Today on Subreel, we’re tackling a topic of some debate, and one which I want to warn very early on that there is no specific ‘correct’ answer to. As with so many things in music, there is room for debate, and audio engineers don’t tend to shy away from a debate.
So should drums be mono, and all panned straight down the middle? Or should they be stereo, encompassing a stereo field of left and right?
To delve properly into this, we need to look a little at the history of how music was made. In the early 1960s, for instance, drums were recorded in mono due to how limited the equipment was. A whole drum track often had to be mixed down together, rather than separating individual components (kick, snare, toms and the like). If you listen to some of the more experimental Beatles tracks, you will find some of the drums recorded in mono, but panned to the left or right. As time went on, people would have the chance to experiment with this.
How are Drums Normally Panned?
In rock and pop music, if the drums are acoustic and played on a real drum kit, or if they mimic a real drum kit, audio engineers will often reflect this in the mix. What this means is that there is some sound coming from the left, right and middle of the drum kit. If you were to stand in front of a drum kit you would notice this, but it is quite subtle, and often becomes more exaggerated in a song. In other genres of music, panning and mono or stereo can be something of a grey area.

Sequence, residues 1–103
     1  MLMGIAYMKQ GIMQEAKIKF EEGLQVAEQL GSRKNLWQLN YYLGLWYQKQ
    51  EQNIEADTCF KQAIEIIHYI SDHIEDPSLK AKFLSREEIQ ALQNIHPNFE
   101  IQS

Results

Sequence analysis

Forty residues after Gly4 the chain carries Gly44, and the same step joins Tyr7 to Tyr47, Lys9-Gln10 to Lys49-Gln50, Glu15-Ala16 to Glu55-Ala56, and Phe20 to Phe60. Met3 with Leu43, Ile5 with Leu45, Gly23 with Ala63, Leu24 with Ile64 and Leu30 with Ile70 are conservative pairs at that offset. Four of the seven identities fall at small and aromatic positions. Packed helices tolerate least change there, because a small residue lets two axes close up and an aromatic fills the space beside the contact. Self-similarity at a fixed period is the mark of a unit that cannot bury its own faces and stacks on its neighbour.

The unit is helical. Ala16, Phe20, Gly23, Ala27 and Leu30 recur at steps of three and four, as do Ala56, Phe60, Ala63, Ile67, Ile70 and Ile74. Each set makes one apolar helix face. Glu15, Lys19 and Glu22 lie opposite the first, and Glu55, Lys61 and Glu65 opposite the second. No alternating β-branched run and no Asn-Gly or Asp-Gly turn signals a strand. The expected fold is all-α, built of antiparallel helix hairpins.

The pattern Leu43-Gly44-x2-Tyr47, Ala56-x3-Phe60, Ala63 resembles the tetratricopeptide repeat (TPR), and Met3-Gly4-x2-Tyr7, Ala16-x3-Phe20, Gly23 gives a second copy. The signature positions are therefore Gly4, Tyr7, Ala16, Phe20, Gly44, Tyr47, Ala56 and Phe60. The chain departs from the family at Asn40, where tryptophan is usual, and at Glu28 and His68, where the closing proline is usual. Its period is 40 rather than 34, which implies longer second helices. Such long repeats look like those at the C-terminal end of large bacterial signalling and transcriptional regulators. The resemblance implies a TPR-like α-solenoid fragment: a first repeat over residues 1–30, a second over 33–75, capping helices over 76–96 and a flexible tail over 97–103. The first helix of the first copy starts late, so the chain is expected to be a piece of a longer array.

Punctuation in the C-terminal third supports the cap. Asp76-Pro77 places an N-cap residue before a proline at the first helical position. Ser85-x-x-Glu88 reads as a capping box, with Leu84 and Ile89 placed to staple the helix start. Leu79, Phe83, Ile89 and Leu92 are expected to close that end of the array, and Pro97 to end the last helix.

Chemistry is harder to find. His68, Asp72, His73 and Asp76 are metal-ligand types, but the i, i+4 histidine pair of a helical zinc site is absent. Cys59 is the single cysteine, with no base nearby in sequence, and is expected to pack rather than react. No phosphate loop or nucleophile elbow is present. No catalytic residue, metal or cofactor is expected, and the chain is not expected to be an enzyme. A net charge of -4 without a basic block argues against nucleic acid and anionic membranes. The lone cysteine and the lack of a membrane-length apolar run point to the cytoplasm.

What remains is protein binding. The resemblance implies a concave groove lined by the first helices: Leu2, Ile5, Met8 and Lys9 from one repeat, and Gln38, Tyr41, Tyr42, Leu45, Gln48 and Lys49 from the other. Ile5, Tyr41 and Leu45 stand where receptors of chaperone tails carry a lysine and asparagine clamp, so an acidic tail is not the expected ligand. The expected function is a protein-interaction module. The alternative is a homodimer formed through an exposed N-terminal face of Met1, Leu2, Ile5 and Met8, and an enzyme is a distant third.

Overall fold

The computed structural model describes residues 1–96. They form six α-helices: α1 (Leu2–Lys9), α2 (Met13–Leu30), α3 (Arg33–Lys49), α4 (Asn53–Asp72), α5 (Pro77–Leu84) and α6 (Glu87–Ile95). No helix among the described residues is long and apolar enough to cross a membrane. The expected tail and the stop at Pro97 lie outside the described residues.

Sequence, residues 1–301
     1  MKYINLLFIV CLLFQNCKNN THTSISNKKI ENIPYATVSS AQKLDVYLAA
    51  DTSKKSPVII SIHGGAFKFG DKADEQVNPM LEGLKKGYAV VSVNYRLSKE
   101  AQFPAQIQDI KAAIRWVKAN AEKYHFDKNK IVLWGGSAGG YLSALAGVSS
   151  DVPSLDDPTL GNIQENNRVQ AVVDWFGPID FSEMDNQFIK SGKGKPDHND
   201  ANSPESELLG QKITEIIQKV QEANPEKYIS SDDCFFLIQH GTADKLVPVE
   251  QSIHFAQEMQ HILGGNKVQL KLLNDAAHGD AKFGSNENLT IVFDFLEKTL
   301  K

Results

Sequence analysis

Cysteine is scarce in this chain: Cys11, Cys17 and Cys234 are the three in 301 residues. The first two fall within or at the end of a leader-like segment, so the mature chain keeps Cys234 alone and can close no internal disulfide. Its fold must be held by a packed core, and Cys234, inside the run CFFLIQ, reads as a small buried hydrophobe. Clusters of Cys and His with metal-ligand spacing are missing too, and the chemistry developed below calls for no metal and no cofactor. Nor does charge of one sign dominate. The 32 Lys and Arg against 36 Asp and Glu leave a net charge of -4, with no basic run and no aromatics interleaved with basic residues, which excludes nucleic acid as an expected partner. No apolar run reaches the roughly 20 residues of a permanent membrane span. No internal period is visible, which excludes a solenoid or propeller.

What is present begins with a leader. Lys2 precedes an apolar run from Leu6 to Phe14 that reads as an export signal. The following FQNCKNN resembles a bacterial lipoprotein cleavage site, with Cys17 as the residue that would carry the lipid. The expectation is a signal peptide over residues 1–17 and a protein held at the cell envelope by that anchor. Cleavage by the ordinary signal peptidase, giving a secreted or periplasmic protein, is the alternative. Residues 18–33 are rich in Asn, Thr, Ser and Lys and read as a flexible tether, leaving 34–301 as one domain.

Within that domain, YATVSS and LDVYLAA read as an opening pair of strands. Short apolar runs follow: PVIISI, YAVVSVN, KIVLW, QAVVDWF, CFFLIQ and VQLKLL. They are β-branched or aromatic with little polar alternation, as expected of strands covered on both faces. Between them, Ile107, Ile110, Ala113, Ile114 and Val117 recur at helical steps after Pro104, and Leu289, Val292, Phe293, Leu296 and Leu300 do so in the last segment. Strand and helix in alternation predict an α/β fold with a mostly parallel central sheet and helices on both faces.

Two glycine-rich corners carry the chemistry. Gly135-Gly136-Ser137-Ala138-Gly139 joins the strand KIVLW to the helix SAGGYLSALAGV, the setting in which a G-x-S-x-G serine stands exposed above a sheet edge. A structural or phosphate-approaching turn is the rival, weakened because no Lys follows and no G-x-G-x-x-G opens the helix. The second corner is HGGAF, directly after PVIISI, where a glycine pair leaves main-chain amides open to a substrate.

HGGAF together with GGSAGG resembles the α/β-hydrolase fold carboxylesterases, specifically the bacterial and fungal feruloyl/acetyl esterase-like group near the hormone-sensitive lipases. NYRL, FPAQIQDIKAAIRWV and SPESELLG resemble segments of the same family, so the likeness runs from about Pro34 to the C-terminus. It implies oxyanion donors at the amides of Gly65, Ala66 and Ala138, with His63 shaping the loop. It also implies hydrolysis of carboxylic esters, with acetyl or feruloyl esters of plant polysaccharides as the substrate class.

Let’s look at dance music. More specifically, let’s pay attention to how it is designed to be listened to, either on massive sound systems. There isn’t a lot of room for nuanced mixing when the priority is to make sure everyone is hearing a thumping kick drum, and at a nightclub, we’re hardly going to be focusing on trying to stay in the middle of the speakers to get an accurate representation. Some electronic music producers don’t bother with this. Those who do will often mimic an acoustic kit.
As a golden rule, a kick drum should never really be panned anywhere but right in the centre of the mix.
If you’re wondering how to use this information when recording or producing your own tracks, the key to a good drum mix is space. Every aspect of the drum kit should have its own space within the mix. This is the same whether you are mixing in mono or stereo. Kick drums shouldn’t interfere with snares, snares shouldn’t interfere with hi-hats. Getting EQ right to ensure that this is the case before deciding on panning tends to be my advice.
As with all things musical, experimentation should be encouraged. Don’t stop yourself from doing something just because it isn’t the ‘norm’, but don’t be out there just for the sake of it. A great man once said, “it is important to know the rules before you start to break them”.